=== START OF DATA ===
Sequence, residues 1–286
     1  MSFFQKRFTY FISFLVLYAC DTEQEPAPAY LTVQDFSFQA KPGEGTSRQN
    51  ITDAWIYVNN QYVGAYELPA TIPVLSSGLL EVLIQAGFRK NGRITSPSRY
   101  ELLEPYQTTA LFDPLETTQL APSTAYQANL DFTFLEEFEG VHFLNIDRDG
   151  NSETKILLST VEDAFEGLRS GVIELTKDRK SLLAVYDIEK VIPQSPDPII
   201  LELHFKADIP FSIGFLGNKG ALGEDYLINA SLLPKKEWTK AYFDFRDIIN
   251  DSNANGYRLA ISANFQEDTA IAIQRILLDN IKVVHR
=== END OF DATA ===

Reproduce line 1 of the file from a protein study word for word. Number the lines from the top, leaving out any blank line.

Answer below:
Sequence, residues 1–286